Three years after Nissan introduced electric vehicle and battery manufacturing to Europe, the 50,000th European-built Leaf EV (electric vehicle) has rolled off the production line at the company’s plant in Sunderland.
Nissan says it is the first time a European carmaker has built 50,000 electric vehicles and the batteries which power them. Nissan Leaf manufacturing was launched in the UK in 2013 by prime minister David Cameron and is claimed to support over 2,000 jobs at Nissan and in its British suppliers.
The 50,000th car, a silver Tekna grade model left the production line last week and is destined for a customer in France. European-built Nissan Leafs are currently exported to 23 global markets covering Western Europe and other destinations as diverse as Argentina, Iceland, Israel and Taiwan. Overall, the Leaf is the best-selling EV of all time with almost 220,000 vehicles sold worldwide.
This year, Nissan has launched the extended-range 250km (155 mile) Leaf in Europe with a 30kWh battery and announced that its future generation batteries are confirmed for production in Sunderland – a further £26.5m investment in the plant.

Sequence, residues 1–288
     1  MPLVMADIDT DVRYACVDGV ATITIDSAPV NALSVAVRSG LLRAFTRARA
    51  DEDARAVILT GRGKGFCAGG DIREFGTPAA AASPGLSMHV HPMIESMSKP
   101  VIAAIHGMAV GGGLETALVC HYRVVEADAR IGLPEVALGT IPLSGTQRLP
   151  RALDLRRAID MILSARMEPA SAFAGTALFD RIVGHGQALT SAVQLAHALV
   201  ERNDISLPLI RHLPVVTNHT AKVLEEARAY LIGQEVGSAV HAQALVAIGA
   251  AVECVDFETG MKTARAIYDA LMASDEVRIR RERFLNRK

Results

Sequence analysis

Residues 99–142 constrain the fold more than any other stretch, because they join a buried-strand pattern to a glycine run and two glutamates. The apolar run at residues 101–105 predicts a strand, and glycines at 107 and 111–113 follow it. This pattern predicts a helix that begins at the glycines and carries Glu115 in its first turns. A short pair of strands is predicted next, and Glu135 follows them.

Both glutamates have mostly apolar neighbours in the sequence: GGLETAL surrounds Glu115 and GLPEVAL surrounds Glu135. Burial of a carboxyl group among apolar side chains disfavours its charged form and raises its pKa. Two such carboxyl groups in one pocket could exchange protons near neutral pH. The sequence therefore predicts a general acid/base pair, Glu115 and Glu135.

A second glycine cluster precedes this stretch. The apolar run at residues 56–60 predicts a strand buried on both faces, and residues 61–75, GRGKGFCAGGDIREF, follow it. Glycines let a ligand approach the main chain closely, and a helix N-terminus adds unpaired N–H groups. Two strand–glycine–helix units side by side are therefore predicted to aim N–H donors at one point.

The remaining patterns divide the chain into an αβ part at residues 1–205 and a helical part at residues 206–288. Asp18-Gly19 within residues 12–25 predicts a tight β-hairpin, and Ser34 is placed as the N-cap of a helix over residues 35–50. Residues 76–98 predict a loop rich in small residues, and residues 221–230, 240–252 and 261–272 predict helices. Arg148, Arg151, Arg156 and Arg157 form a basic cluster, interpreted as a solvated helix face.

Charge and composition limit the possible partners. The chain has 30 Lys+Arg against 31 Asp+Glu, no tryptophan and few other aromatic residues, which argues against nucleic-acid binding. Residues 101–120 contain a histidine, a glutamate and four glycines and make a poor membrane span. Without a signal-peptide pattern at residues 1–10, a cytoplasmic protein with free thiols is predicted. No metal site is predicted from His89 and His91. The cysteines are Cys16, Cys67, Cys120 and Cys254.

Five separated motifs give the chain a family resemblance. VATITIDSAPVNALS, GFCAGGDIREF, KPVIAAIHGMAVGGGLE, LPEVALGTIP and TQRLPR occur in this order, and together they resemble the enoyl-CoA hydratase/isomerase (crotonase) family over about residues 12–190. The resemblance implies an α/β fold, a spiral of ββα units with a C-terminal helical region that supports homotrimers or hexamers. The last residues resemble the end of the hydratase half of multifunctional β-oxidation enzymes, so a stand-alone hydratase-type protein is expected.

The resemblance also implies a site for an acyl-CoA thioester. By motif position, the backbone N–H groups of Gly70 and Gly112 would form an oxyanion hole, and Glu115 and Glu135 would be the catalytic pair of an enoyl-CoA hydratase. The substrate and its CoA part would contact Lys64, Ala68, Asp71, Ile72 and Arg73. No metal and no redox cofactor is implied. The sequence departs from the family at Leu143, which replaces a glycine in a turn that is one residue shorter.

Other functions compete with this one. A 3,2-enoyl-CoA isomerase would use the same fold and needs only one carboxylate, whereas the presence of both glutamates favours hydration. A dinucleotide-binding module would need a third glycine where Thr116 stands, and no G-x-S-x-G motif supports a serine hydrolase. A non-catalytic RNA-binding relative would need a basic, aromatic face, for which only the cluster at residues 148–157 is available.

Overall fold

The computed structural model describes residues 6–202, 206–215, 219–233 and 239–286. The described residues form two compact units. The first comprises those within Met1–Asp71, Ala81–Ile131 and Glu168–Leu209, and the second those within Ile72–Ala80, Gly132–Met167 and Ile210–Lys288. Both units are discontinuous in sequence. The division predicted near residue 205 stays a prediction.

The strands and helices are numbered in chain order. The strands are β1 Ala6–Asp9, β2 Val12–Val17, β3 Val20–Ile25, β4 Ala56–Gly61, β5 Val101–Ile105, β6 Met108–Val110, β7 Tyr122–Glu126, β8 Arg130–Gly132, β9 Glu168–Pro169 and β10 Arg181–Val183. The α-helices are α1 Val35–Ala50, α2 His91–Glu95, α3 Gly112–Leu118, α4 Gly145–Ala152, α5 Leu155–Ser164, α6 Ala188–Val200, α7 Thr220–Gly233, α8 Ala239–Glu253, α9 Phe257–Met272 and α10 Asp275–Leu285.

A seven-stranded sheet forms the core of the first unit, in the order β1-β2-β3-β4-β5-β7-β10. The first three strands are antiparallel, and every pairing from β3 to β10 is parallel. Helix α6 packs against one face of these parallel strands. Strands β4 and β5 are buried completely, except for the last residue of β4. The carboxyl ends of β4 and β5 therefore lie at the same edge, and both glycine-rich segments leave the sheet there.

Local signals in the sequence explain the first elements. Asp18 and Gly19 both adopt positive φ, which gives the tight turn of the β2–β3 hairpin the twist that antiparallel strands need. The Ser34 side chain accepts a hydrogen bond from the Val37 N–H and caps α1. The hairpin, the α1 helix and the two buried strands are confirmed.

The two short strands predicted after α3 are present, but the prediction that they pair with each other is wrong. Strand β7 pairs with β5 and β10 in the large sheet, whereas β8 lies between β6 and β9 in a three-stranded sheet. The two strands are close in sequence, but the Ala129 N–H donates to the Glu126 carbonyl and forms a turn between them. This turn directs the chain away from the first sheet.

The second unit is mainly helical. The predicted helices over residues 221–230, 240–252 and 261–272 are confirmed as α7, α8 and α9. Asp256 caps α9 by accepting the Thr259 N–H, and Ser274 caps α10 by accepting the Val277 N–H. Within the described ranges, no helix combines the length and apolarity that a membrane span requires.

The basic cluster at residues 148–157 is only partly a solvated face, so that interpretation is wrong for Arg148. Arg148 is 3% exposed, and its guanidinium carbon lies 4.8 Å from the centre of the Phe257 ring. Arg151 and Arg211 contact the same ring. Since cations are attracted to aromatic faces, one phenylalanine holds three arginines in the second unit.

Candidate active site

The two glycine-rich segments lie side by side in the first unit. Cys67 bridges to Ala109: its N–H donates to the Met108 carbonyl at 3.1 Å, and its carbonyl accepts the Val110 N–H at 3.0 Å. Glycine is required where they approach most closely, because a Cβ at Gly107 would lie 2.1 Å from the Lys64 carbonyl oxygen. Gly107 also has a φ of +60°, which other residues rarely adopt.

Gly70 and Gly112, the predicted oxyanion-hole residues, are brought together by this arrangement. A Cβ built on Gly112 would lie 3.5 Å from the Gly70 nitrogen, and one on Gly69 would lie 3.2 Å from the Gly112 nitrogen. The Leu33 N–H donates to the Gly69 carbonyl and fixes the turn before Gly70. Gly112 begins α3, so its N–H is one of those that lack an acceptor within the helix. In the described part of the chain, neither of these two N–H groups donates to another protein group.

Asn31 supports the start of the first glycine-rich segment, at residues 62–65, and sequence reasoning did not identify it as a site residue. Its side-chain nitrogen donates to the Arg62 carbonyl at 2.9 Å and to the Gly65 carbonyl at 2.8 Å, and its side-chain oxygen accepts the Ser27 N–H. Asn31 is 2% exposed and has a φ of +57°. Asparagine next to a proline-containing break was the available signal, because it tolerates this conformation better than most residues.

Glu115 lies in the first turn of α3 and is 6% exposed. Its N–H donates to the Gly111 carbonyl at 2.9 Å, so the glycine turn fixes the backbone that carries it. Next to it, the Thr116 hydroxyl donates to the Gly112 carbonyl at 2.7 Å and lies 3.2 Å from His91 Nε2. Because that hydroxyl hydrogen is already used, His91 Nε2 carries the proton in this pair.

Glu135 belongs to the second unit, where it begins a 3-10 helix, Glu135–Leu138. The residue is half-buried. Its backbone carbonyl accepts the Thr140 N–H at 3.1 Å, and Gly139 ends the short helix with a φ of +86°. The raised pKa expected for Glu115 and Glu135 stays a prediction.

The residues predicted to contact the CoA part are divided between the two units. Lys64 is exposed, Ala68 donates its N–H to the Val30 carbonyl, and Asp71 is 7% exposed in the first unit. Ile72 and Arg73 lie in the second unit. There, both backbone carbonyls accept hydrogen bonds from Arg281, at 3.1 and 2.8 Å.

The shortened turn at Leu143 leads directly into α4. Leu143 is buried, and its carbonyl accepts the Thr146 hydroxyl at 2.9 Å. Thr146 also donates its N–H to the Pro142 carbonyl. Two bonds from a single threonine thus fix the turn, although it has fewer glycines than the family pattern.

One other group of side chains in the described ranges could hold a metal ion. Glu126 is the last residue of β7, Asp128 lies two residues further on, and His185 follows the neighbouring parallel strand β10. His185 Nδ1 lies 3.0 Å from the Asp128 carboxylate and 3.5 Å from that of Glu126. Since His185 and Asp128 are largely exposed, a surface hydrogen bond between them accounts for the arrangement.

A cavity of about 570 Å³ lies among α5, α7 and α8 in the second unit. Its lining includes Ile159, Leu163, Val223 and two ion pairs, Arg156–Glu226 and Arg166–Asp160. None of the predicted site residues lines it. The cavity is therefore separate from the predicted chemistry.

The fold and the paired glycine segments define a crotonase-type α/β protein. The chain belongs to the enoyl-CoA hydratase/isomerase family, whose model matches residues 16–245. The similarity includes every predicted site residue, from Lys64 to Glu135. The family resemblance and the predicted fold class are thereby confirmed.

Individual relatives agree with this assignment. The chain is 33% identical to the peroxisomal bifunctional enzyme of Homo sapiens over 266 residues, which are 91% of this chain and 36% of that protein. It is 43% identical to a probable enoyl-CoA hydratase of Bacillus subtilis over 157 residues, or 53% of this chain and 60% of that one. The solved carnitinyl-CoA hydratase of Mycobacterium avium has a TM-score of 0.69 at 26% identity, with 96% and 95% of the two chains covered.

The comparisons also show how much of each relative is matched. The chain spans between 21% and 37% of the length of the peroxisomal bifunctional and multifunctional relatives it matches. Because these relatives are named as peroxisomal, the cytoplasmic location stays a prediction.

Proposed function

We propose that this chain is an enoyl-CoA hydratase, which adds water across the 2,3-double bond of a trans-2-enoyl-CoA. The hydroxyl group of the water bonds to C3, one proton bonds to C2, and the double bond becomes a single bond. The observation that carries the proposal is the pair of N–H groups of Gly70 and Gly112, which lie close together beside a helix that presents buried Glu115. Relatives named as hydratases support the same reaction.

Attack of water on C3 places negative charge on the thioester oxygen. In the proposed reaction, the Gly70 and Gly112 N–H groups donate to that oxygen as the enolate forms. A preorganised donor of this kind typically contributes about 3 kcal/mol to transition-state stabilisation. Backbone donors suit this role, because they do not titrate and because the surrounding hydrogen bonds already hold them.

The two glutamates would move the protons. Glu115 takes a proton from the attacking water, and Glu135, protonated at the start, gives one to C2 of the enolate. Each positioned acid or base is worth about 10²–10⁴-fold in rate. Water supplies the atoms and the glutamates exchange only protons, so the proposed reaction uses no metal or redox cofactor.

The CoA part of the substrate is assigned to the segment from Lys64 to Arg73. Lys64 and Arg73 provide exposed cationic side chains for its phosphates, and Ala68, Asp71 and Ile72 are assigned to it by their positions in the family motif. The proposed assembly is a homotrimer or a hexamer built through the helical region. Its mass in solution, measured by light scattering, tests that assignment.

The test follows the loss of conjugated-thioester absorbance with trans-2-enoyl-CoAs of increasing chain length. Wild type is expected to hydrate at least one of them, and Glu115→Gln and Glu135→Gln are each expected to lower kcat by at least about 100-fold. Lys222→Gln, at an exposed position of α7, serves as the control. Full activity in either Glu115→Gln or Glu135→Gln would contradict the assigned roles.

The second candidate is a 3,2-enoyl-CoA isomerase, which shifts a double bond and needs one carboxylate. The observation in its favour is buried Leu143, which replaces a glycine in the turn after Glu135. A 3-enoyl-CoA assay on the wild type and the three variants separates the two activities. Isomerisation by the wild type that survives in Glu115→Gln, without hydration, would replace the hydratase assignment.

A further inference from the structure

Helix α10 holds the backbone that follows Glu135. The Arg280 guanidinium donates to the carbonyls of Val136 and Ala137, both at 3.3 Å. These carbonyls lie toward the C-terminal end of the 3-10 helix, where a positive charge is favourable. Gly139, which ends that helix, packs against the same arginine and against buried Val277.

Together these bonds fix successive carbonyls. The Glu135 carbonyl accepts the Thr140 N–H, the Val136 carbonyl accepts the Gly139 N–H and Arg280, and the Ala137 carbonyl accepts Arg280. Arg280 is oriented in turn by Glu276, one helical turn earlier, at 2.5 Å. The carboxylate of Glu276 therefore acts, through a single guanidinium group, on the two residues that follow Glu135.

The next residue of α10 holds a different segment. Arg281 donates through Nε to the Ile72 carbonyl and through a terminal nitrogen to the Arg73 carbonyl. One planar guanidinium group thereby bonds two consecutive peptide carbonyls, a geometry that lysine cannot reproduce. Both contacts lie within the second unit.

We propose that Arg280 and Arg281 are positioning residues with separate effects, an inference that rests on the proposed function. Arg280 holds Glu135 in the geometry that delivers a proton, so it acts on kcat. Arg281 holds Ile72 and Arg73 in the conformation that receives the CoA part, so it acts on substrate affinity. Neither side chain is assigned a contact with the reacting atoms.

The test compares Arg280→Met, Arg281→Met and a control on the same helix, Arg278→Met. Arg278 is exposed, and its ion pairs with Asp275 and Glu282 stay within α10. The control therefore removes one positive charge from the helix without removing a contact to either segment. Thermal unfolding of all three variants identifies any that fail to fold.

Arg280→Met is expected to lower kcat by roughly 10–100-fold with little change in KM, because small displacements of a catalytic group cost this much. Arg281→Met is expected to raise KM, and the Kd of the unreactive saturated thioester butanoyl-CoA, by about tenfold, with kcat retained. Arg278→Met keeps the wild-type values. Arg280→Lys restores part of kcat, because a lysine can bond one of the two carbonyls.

Paul Willcox, Chairman, Nissan Europe said: “What Nissan is doing today with electric vehicle technology is more advanced than any other car manufacturer.
“This milestone is another first for Nissan and for our team in Sunderland. No other brand has Nissan’s experience or expertise in both battery and vehicle production, and I’m thrilled that over 50,000 customers in Europe share our vision for a zero-emission future.”
UK Transport Minister, Andrew Jones said: “This major milestone is great news for Nissan and yet another example of Britain leading the way in developing cleaner vehicle technology, which is good for the environment and supports jobs and growth. Our goal is for nearly every car to be zero emission by 2050 and we are investing £600 million in electric vehicles to make this a reality.”